Chocolate Hazelnut Cookies

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Chocolate Hazelnut Cookies. As always my recipes are grain free, refined sugar free, and many are dairy free. I have found that my health has improved by eating this way. I feel better and am not exhausted all the time. When I say exhausted I mean exhausted. I was so exhausted in the past that there were times that I would need to take a nap after taking a shower. It was so disheartening to be beyond tired all the time.

I have been busy making cookies for Christmas and to give away as gifts. Swedish tradition stipulates that there need to be 7 kinds of cookies for your Christmas smorgasbord dessert table. I have always made a combination of Swedish and American traditional cookies for my family. There are several legends about why seven cookies. Swedish culture is a combination of secular and religious symbolism. The religious symbolism stands for the world being created in seven days. There are seven colors in the rainbow. It has been in practice since the late 1800’s.

This has been a tradition in my family as long as I can remember. I also hope to pass on the tradition to my children. I believe culture, tradition, customs and holidays are important to pass on to the next generation. It has been said that these ways are still celebrated in the old ways in the United States of America as some have died out in the original country of origin.

I wanted to create a cookie I have never had before. I also wanted to pay homage to my heritage. Hazelnuts are used in a lot in Swedish desserts. I had some chocolate hazelnut spread in my pantry. I suggest you read every ingredient list for every item you purchase at a store. I have found several items that have the same label but have different ingredients listed on the back. I have almost purchased the wrong item at times. This cookie uses Birch Xylitol instead of Monk Fruit for those that can’t eat or don’t care for the taste of Monk Fruit.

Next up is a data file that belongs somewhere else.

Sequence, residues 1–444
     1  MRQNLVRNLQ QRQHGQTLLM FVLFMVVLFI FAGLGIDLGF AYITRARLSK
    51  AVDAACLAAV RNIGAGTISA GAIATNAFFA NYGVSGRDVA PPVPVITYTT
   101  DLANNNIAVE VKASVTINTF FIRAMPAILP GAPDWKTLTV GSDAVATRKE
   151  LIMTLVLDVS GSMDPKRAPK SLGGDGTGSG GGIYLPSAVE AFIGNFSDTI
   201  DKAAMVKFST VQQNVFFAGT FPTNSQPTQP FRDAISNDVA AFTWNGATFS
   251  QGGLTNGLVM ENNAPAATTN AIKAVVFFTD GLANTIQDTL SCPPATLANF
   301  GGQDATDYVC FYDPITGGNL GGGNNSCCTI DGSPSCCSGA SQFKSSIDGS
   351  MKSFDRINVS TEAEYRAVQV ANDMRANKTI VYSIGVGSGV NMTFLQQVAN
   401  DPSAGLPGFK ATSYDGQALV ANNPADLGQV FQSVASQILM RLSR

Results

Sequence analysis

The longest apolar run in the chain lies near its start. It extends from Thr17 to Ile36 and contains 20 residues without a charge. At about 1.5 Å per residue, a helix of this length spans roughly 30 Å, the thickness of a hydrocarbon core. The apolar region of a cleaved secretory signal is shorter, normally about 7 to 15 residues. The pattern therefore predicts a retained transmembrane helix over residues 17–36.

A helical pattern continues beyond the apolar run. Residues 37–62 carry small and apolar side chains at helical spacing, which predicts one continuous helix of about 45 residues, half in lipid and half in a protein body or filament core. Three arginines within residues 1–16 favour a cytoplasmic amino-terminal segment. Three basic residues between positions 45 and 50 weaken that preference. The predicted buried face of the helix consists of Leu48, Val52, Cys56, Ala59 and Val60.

This cookie has a wonderful aroma wafting from the oven when it bakes. It makes it hard to wait for them to cool down enough to eat them. The cookie is sweet and slightly crisp. For a softer cookie bake fewer minutes. For a harder cookie bake longer. This cookie almost melts in your mouth.



Chocolate Hazelnut Cookies

A Chocolate Hazelnut Cookie that melts in your mouth.
Prep Time15 mins
Cook Time20 mins
Total Time35 mins
Course: Dessert
Cuisine: American, Swedish
Keyword: Cookies
Servings: 40 Cookies


  • 1/2 cup Chocolate Hazelnut Spread
  • 1/4 cup Softened Butter
  • 1/4 cup Birch Xylitol
  • 1/2 cup maple sugar
  • 1 egg
  • 1 tsp vanilla
  • 3/4 cup Hazelnut flour
  • 1/2 cup Cassava flour
  • 1/2 tsp pink salt
  • 1/2 tsp baking powder


  • Preheat oven 325 F. 
  • Place parchment paper on cookie sheets or greased cookie sheets. 
  • Place chocolate hazelnut spread and butter into a stand-alone mixer and cream together. 
  • Add in Birch Xylitol and maple sugar and blend until combined.
  • Combine the maple sugar and Xylitol. 
  • Add maple sugar mixture to the butter mixture.  
  • Add egg
  • Add Vanilla and blend the chocolate butter mixture until all ingredients are thoroughly blended.
  • In a separate bowl combine hazelnut flour
  • Add cassava flour
  • Add pink salt, and baking soda stir until all are blended. 
  • Add half of the flour mixture to the butter mixture and blend until combined. 
  • Scrape down the edges and add remaining flour to the butter until thoroughly blended. 
  • Using a number 60 cookie scoop. Scoop out cookie dough and add to cookie sheet. Using a fork make a crisscross pattern on top of the cookie. 
  • Bake cookie for 15 -20 minutes. Remove cookies and allow to cool before removing to an airtight container. 


Nutrition Facts
Servings 40.0
Amount Per Serving
calories 59
% Daily Value *
Total Fat 4 g 6 %
Saturated Fat 1 g 6 %
Monounsaturated Fat 1 g
Polyunsaturated Fat 0 g
Trans Fat 0 g
Cholesterol 8 mg 3 %
Sodium 44 mg 2 %
Potassium 9 mg 0 %
Total Carbohydrate 6 g 2 %
Dietary Fiber 1 g 4 %
Sugars 3 g
Protein 1 g 1 %
Vitamin A 1 %
Vitamin C 0 %
Calcium 1 %
Iron 3 %
* The Percent Daily Values are based on a 2,000 calorie diet, so your values may change depending on your calorie needs. The values here may not be 100% accurate because the recipes have not been professionally evaluated nor have they been evaluated by the U.S. FDA.

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